Get your teen off to a good start with their own savings, secured credit card and more.
Even before they're old enough to get a credit card or apply for a loan, teenagers can get a head start on developing a strong credit history.
Here's how to help your teen get started.
1.Encourage your teenager to get a job. Your teen will be more invested in managing his or her money if it's hard-earned. And holding down a job reflects favorably on your teen's responsibility.
2.Open checking and savings accounts. Responsibly managing and maintaining these basic accounts will show a financial institution that your teen can handle money. If the account comes with a debit card, your teen will get a feel for using a card for transactions.
3.Consider putting one of your household bills in your teen's name and have him or her pay the bill. Even if you're helping to supplement the payment, having the bill in your teen's name establishes a payment record. You also can add your teen as an authorized user on your credit card. Your teen receives a card in his or her name, and any purchases go on your account, which allows you to closely monitor spending habits. And, purchases and payments made under your teen's name will be recognized on his or her credit report.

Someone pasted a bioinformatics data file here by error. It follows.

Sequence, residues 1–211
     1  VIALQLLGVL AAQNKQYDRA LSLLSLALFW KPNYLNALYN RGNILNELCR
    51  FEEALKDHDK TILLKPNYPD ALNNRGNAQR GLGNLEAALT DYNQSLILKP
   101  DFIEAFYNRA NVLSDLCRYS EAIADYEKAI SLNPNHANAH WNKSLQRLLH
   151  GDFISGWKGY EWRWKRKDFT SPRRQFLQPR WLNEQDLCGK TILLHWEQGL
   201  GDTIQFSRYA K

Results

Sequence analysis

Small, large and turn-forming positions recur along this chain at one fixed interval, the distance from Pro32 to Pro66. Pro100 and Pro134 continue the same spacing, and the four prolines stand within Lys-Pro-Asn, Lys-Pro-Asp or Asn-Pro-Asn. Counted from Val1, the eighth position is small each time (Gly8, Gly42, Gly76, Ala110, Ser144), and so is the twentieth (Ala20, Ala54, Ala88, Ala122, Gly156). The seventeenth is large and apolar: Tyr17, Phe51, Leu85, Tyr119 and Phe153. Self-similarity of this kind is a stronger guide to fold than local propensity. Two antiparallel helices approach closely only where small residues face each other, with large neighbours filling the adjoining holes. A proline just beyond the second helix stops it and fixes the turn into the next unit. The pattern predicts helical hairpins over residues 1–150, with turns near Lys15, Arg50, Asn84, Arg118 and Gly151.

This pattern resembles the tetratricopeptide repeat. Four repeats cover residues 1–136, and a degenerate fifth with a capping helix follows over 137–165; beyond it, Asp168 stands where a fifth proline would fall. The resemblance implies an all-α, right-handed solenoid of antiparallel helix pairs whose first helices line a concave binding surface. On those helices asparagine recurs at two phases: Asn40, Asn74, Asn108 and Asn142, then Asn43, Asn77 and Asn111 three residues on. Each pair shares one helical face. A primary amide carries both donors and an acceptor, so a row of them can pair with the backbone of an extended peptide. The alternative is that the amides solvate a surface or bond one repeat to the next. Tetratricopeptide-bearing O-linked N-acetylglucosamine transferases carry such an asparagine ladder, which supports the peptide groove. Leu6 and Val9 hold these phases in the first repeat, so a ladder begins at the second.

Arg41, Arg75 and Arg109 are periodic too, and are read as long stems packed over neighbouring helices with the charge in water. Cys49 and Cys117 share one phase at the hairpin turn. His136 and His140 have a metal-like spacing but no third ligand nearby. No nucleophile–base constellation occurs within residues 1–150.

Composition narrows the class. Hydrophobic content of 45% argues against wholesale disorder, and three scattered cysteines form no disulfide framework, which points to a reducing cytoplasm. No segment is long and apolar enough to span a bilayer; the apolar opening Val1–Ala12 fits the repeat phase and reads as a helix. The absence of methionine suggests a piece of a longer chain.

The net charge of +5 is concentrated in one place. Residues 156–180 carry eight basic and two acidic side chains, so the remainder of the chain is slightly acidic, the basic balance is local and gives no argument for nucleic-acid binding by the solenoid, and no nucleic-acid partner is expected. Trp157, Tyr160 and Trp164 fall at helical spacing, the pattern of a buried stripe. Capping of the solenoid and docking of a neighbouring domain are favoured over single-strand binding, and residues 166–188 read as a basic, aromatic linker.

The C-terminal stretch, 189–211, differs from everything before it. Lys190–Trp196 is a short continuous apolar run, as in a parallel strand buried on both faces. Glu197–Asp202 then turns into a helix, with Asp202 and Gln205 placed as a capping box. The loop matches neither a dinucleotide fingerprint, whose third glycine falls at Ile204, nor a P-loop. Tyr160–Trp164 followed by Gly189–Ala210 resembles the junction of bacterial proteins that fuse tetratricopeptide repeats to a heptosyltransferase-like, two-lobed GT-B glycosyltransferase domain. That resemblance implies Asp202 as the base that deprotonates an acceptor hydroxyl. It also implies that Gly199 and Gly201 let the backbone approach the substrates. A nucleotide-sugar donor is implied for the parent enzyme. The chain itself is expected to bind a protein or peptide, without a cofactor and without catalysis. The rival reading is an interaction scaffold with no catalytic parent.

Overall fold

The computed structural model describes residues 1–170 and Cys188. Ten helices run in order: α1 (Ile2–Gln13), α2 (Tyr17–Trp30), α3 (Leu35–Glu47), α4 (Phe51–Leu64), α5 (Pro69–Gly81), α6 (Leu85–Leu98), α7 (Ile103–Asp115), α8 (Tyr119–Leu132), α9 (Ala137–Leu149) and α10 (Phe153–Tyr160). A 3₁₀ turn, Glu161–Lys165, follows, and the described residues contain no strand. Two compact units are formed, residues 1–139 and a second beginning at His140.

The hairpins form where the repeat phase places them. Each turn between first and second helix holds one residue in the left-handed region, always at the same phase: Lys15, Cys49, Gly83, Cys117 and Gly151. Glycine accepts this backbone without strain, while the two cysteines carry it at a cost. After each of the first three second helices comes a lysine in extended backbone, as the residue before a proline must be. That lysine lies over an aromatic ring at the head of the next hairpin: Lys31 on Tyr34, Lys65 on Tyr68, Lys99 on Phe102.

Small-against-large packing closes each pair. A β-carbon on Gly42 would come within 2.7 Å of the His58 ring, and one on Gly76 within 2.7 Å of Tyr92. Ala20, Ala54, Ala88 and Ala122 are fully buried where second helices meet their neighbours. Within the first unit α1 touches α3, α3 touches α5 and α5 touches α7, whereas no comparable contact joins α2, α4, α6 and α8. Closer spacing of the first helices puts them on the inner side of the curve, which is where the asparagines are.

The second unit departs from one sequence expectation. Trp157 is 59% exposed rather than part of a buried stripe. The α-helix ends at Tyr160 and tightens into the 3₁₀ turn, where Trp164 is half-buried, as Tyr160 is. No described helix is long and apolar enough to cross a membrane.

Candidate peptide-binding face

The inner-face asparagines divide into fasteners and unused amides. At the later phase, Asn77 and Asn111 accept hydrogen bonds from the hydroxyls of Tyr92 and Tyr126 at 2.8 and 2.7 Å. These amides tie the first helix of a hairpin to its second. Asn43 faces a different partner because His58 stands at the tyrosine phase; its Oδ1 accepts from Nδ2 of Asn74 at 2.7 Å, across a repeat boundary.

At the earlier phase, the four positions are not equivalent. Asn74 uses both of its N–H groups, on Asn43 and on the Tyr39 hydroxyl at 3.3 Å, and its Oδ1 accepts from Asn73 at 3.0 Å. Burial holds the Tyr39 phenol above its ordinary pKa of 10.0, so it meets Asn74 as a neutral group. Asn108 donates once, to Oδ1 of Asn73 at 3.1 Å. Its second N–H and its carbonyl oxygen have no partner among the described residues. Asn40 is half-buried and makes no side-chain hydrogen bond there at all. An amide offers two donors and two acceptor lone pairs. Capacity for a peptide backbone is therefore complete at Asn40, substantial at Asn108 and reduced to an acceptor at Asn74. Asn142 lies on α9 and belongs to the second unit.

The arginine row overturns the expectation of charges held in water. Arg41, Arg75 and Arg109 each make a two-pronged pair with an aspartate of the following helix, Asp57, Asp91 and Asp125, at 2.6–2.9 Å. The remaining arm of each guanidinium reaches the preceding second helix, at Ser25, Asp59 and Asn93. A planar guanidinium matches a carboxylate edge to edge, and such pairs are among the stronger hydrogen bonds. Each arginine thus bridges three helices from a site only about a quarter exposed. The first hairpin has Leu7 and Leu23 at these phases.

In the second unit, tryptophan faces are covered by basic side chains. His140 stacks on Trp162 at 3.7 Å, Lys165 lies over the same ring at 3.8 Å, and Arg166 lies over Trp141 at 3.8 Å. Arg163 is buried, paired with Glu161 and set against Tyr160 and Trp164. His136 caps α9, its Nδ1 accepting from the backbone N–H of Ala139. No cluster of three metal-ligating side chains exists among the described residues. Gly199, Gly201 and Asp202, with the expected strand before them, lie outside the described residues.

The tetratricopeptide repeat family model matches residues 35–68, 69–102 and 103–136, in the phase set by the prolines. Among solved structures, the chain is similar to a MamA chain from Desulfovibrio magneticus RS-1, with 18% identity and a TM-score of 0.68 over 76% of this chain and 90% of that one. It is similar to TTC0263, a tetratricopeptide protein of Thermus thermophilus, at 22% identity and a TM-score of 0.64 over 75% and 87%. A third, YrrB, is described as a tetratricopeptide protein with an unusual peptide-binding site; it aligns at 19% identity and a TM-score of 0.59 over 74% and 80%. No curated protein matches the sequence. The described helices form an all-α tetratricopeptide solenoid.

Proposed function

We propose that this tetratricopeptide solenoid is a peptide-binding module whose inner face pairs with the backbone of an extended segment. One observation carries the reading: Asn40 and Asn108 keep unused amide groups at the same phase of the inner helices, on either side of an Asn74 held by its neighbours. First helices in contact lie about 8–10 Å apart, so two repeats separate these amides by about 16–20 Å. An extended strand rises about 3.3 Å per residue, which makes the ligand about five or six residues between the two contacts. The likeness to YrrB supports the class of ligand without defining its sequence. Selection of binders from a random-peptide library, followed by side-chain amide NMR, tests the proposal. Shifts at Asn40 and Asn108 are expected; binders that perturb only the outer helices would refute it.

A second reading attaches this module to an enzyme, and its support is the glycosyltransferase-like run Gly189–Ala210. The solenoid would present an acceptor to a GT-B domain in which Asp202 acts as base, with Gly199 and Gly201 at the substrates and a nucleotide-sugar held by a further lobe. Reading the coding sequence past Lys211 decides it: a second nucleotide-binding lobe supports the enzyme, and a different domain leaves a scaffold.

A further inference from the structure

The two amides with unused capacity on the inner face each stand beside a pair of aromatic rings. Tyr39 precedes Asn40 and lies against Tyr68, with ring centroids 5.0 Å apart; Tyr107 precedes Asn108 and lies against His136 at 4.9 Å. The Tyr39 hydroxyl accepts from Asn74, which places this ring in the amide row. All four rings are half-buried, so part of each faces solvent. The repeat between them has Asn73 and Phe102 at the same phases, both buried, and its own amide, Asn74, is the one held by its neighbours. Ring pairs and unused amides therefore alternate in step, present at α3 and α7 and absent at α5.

4.Obtain a secured credit card. These cards can be put in your teen's name. Make the initial deposit together, which is the credit limit for the account. Then he or she uses the card to demonstrate expenses can be handled and payments made on time.
Monitor your teen's activities as he or she gets into the credit habit, allowing more flexibility as responsibility is demonstrated. Once several months of purchases and payments are under your teen's belt, access his or her credit report and review it together to make sure everything is correct.
5. Have your college-going child apply for a student credit card. Once your children reach their late teens, if they've established good financial habits, they may be ready to apply for their first credit card. College students may be able to qualify for student credit cards, which usually have lower credit limits and higher interest rates than general credit cards carry.
Still, by law, applicants under age 21 will have to show that they have enough income to support a credit line. A part-time job is usually good enough proof. The other way for them to qualify is for you or someone else to co-sign for them. But you get less control as a co-signer than when you add your child as an authorized user. For instance, you may not receive notice of late payments, which can harm your credit score. For that reason, it's better for your children to get their first solo card on their own.